Bidding for Travel

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I’m a big proponent of shopping around for hotels at races.  I obviously stay in a lot of hotels. I’m not really sure what a retail price of a hotel room should be, but they are sort of like diamonds, you should never pay retail, rooms are always discounted.

Hotel room prices have went up quite a bit recently.  This Labor Day weekend is a case and point.  The Gateway Cup is the first time I ever used Priceline to get hotel rooms.  It probably was 10 years ago, I booked 4 rooms for my team at a Doubletree in Westport for $19 a room. So it was only $76 a night, plus taxes and fees, which can be substantial.   It was almost ridiculous.

I’ve been checking for rooms for the next three nights.  I sort of have turned into a hotel snob somewhat, so normally check out 3.5 to 4 star hotel.  And these are the hotels that are discounted the most, so that works out fine.  The cheapest hotel at Hotwire was $46, which was a 1 star near the St. Louis airport.  I had been waiting for a 4 star hotel downtown, which showed up three days ago, but disappeared since.  I wasn’t that big on staying downtown, but it is close to a couple of the races and is new territory.

When you keep checking back, you need to clear your cookies each time or the websites know you’re looking and the prices increase.  You can pretty much figure out what hotels Priceline or Hotwire will give you if you use Bidding for Travel or Better Bidding websites.  You go to the hotel lists at these sites and it shows what hotels are used by what sites.  These sites are key to knowing what hotel you might get.

At Hotwire and Priceline, they show if the hotel is pet friendly.  I figure out what hotel I’m going to get, then go to the website to check on the pet policies at the hotel.  Hiltons, Doubletrees and such are the best for pets.  It is a hassle worrying about taking your dog in and out of a hotel during a race weekend.

I got a 4 star hotel in downtown St. Louis, the St.Louis Union Station Doubletree, for $57 a night, for a total of $215 after adding $43 for taxes and fees.  So it turns out to be around $70 a night.  When you go to the website, the cheapest room is $169, plus taxes, so it is probably around $120 a night discount.  I’m not who pays that amount, but you don’t have to.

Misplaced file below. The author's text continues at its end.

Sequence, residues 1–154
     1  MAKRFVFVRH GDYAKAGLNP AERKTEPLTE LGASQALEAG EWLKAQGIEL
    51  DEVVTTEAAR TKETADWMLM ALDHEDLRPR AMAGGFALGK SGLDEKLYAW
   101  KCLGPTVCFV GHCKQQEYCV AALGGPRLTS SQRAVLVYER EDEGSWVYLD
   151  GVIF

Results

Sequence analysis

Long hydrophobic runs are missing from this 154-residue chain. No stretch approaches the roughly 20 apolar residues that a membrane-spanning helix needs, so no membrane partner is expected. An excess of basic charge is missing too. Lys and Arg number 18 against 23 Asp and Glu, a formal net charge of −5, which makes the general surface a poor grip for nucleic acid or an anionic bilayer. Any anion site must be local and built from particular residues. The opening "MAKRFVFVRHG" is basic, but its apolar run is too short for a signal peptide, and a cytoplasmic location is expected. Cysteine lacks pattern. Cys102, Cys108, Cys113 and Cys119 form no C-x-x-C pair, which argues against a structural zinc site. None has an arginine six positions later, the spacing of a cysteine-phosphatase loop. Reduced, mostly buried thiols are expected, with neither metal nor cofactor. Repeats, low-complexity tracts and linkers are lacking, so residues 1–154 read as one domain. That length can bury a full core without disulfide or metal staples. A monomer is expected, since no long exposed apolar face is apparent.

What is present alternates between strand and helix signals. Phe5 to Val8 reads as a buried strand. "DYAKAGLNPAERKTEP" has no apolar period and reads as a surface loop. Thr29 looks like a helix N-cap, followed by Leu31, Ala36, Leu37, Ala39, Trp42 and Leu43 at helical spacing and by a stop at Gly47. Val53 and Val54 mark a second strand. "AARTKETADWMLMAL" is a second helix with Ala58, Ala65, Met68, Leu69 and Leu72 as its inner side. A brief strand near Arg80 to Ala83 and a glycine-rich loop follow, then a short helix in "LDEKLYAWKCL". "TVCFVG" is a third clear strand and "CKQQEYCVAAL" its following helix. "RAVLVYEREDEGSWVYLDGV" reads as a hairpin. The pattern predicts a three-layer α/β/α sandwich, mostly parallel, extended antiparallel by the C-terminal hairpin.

The race isn’t until 9:15 tonight, so there is no rush today.  Leaving mid afternoon, to try to miss traffic in Kansas City and St. Louis.  Hopefully it will all go fine.

priceline_negotiatorjab_800x600 (1)

The Doubletree looks like a pretty nice hotel.  Historic.

The Doubletree looks like a pretty nice hotel. Historic.

Tucker's look when you tell him he can't chew on your cycling shoes.

Tucker’s look when you tell him he can’t chew on your cycling shoes.

8 thoughts on “Bidding for Travel

  1. Rob Bell

    If you are using Chrome as your browser, you can open up a New Incognito Window (in the file menu) when you are searching, and that won’t use cookies. Not that its too difficult to clear cookies, but this still saves a few seconds.

    Incognito windows are also helpful when you are looking at autotrader, amazon, or really any e-commerce site. Without going incognito, you’ll see advertisements for whatever products you were searching for on nearly every website you go to afterwards (facebook is the worst). With an incognito window, you don’t have to worry about seeing those ads afterwards.

  2. Ted

    Like the commercial says – Trivago – searches all websites and shows you the prices for the same room. I like them the best because shows you websites (such as or Kayak) that I would never usually use and the prices. European (German) company so customer service is great also.

  3. Max

    Find a room using the search engine of your choice, then call that hotel and ask if they can beat that rate. They pay substantial fees to these online travel agencies and most times they will give you an even better rate and are still able to be more profitable……A hotel owner is who actually clued me in to that.

  4. Barb

    You can also set up your browser in “settings” and then “show advanced settings” then “privacy” and you can set it up permanently to clear the cache and cookies every time you close the browser…then no tracking or ads will be embedded when you set it up that way.

  5. cboss

    Trivago is owned by Expedia. Expedia also owns, Orbitz, and Travelocity + hundreds of other similar sites so it’s just a way for them to conveniently obtain your business. Max’s advice is the word. Hotels pay 15% – 27% per booking to companies like Priceline/Booking/Expedia, etc. So, you know hotels have that margin to work with when you contact them direct.


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